The legalized Jailbreak that was organized by Microsoft and a group of hackers called ChevronWP7 is over. There are no more unlock tokens to be had and one of the strangest incidents you could imagine is over.
The ChevronWP7 group engineered a jailbreak for WP7. Then Microsoft got annoyed and then they offered the group some T-Shirts and help building a legal jailbreak. Everything went quiet for a while and then the ChevronWP7 Labs website appeared offering "legal" unlock tokens at $9 a time.
At first things didn't work well, but eventually they got it all to work. But when you got a token it was fairly restricted in what it could do. You also had to have a Windows Live ID, which allowed Microsoft to know who bought what. One token would only unlock one phone and you were still subject to a 10-app limit on what you could load.
So what all of this allowed you to do was develop an app but not to distribute it to friends or company members. You still needed to submit it to the App Hub for that.
It was a bit feeble, but better than nothing. However, there was another restriction built-in that wasn't clear at first. Microsoft had only authorized 10,000 unlock tokens and these ran out fairly quickly. At this point the world was expecting ChevronWP7 to negotiate for some more tokens - but no. And now the lab is closing its doors.
Now the jailbreak is referred to as "an experiment".
The goal of this experiment was two-fold: First, to determine if we could supercharge the Windows Phone beginner/hobbyist community by removing the initial cost barrier (i.e. App Hub membership.) And second, to convert potential developers into published developers.
The judgement on the success of the experiment is also interesting:
Our data indicates that most developers simply unlocked their devices for non-developmental reasons and never went all the way to publish an app in the marketplace.
Well this isn't surprising. Most experimenters and part-time WP7 programmers don't want to submit an app to the marketplace. They want to make some apps for use by themselves and a few other people. If it turns out that the app is useful, then perhaps an upgrade to the marketplace would follow. This is what experimentation is all about.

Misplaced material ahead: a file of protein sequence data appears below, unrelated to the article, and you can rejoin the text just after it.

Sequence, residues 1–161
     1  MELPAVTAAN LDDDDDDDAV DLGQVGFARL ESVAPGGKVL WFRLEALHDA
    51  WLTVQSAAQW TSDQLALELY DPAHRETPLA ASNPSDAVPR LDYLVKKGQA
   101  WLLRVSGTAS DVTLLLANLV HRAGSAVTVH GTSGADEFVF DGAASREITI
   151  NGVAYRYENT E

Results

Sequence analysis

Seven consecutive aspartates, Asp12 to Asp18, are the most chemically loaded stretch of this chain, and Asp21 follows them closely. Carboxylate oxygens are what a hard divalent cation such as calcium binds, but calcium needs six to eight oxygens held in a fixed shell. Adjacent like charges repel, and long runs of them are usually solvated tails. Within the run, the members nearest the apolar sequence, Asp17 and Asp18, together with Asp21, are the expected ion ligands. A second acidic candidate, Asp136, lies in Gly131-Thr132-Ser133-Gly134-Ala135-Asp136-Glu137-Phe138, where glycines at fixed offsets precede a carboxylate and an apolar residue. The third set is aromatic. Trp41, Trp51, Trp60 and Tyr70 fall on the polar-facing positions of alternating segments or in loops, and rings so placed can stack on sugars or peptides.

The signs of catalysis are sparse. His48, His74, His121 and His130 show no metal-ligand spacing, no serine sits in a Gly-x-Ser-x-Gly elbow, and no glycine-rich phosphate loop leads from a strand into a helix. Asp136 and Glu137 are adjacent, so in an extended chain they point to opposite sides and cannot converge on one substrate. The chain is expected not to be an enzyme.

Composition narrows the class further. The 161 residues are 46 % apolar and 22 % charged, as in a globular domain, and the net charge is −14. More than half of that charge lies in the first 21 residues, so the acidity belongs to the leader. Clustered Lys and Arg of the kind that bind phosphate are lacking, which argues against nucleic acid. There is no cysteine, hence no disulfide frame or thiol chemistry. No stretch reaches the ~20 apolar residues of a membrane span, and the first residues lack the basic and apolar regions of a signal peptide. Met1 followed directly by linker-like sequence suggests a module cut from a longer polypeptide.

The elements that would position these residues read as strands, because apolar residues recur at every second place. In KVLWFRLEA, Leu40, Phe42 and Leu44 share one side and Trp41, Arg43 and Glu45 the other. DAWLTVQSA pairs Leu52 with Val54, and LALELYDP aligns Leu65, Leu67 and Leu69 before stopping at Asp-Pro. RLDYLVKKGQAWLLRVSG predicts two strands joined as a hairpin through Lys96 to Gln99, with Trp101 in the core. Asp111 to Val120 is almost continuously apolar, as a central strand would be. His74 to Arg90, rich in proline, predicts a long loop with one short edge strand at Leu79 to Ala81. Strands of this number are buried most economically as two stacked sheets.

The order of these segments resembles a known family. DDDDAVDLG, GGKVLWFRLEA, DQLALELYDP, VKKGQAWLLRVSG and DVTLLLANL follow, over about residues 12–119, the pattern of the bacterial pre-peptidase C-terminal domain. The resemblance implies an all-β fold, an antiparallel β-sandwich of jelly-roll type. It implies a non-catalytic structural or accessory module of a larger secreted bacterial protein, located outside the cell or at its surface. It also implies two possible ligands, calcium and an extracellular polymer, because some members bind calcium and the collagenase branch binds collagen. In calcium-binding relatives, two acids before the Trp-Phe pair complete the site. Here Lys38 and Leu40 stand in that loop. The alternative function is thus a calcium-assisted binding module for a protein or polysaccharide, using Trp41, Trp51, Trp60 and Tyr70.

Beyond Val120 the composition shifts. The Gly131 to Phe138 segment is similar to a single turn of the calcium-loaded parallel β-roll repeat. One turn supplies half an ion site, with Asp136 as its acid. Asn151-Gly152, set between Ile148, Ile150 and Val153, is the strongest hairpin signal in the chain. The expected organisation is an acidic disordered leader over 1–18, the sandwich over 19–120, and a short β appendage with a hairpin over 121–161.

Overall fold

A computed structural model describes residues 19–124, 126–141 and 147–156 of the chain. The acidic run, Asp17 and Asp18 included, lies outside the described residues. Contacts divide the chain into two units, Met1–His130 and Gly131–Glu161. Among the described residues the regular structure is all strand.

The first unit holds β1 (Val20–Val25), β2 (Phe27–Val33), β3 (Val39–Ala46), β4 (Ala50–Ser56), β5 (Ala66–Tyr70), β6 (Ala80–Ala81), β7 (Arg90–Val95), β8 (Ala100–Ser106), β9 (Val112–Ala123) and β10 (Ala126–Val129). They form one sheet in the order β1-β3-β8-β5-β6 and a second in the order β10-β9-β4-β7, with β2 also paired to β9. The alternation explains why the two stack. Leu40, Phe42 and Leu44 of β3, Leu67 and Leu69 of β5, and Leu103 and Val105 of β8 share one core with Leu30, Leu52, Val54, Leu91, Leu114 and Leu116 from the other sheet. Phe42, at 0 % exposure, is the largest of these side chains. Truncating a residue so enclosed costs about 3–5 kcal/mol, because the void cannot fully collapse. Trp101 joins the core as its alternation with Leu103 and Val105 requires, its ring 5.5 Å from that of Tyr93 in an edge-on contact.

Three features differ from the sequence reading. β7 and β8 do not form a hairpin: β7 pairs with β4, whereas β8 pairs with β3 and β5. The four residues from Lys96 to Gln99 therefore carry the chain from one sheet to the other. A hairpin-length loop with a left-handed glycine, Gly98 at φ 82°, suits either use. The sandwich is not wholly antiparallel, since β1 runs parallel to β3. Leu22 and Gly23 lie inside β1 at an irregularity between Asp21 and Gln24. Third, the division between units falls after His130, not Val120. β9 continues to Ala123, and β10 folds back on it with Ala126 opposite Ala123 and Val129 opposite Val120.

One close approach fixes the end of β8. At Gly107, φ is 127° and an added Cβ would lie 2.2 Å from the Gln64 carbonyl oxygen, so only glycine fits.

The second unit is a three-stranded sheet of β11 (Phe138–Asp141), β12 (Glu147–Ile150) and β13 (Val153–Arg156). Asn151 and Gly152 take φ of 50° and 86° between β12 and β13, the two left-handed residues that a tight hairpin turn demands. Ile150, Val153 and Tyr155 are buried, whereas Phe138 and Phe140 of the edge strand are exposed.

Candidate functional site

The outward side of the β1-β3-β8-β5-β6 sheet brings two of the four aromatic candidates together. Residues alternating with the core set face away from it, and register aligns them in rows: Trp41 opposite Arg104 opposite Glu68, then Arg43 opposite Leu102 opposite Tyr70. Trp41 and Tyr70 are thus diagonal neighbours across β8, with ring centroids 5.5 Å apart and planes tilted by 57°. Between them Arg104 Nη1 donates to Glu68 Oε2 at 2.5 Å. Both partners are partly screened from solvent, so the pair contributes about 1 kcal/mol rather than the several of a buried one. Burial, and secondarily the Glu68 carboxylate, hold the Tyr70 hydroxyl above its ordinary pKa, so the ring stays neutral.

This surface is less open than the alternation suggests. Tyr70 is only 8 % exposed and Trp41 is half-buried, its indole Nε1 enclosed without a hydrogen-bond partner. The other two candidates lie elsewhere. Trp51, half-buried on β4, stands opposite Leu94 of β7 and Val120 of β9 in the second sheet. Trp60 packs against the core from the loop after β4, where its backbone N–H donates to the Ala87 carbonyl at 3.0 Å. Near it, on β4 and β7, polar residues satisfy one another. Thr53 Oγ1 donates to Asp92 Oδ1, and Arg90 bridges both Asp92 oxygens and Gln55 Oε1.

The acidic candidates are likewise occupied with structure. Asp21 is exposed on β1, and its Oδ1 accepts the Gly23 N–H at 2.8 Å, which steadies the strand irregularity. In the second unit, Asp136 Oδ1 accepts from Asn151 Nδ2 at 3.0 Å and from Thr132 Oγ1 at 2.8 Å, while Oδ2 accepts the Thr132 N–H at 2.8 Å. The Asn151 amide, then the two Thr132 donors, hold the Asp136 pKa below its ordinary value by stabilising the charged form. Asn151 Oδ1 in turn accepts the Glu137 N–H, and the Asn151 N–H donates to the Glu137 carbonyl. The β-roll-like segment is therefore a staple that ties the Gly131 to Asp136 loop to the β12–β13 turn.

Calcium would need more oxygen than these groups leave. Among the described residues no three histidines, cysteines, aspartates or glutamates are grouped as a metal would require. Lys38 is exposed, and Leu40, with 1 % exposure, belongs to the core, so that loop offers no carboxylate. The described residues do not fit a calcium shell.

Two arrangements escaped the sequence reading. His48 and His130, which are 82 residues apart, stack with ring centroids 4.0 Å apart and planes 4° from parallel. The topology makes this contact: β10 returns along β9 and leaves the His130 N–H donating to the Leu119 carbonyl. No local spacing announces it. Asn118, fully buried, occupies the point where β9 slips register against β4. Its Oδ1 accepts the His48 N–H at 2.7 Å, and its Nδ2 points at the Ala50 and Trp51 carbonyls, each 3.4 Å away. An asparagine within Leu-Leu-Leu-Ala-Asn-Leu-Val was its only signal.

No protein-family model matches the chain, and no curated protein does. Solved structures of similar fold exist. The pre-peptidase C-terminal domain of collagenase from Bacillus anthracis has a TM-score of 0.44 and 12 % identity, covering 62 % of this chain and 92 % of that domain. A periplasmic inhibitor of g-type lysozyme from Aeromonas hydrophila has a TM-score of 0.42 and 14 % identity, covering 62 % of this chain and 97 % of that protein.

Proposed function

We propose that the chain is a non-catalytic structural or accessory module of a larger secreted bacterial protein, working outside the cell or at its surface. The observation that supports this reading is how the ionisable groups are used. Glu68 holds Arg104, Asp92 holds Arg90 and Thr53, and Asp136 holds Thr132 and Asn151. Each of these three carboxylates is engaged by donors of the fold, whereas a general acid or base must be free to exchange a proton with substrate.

Microsoft have "generously" made the offer of a year's membership of the App Hub to all ChevronWP7 customers - just sign up using the same Windows Live account you used to buy an unlock token. See, they were keeping track of you after all.
The final kick to make sure that the unlocking experiment is really over and done with, is that all of the tokens will expire in 120 days from today. Making the announcement on Friday 13th was a nice final gesture.
The whole fiasco highlights the fact that Microsoft hasn't a clue as to why a closed system is a bad idea if what it is looking for is innovation. Programmers working after the day job and weekend programmers often create things in small stages. They think that it would be nice to have an app to do something very specific that only they and a few others would want. They don't want to have to join the App Hub and submit the marketplace to try something out.
Microsoft's loss is that, without the freedom to experiment, the one-in-a-hundred, or one-in-a-thousand good ideas just never see the light of day, or the marketplace. Add to this the fact that programmers like to own their work and know that they can run their code anytime they want to, and you can see why WP7 isn't as attractive as Android.
Yes, experiment is needed, but not the restrictive under-achiever that CheveronWP7 was forced into. If Microsoft wants apps for its phone, it needs to create a more open access to the phone itself.
Goodbye ChevronWP7 and the legal unlocking experiment - I doubt many will miss the opportunity.
The writing has been on the wall for months and now Microsoft has admitted that it isn't going to meet its own target of having Windows 10 installed on 1 billion devices within 2-3 years of its releas [ ... ]